Class, Race, and the Face: Social Context Modulates the Cross-Race Effect in Face Recognition

@article{Shriver2008ClassRA,
  title={Class, Race, and the Face: Social Context Modulates the Cross-Race Effect in Face Recognition},
  author={Edwin R. Shriver and Steven G. Young and Kurt Hugenberg and Michael J. Bernstein and Jason R. Lanter},
  journal={Personality and Social Psychology Bulletin},
  year={2008},
  volume={34},
  pages={260 - 274}
}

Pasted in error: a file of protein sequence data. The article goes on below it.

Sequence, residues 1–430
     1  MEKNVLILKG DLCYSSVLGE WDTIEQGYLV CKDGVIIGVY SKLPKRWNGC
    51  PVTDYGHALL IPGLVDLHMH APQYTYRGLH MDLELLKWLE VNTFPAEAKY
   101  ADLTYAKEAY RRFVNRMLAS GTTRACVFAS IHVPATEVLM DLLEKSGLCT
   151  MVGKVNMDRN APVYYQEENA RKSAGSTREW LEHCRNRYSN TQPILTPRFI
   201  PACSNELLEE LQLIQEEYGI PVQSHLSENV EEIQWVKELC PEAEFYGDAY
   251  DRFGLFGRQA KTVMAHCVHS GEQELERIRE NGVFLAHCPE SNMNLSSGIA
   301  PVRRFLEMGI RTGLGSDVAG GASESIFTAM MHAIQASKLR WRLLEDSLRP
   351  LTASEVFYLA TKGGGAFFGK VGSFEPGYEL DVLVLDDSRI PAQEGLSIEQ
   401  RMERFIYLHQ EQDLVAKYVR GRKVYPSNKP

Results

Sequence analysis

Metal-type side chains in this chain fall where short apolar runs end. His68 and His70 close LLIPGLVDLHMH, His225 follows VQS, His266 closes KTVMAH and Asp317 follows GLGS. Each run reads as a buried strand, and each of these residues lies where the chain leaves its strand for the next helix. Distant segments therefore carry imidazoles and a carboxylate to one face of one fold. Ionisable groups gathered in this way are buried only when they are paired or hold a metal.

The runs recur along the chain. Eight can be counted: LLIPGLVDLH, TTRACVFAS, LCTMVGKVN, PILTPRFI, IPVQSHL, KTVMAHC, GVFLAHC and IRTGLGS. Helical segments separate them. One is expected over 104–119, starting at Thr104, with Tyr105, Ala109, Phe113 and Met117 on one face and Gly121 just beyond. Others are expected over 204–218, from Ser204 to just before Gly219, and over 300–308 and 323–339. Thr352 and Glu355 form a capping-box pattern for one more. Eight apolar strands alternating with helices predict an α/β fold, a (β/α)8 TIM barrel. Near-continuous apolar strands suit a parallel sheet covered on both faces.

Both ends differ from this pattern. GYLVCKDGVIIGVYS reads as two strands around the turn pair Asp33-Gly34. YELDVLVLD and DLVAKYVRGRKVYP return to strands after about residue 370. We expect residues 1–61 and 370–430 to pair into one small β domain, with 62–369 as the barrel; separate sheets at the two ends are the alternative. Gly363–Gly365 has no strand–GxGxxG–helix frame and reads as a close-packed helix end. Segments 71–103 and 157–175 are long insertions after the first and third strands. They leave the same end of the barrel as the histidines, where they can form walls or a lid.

The current research investigates the hypothesis that the well-established cross-race effect (CRE; better recognition for same-race than for cross-race faces) is due to social-cognitive mechanisms rather than to differential perceptual expertise with same-race and cross-race faces. Across three experiments, the social context in which faces are presented has a direct influence on the CRE. In the first two experiments, middle-class White perceivers show superior recognition for same-race White… Expand
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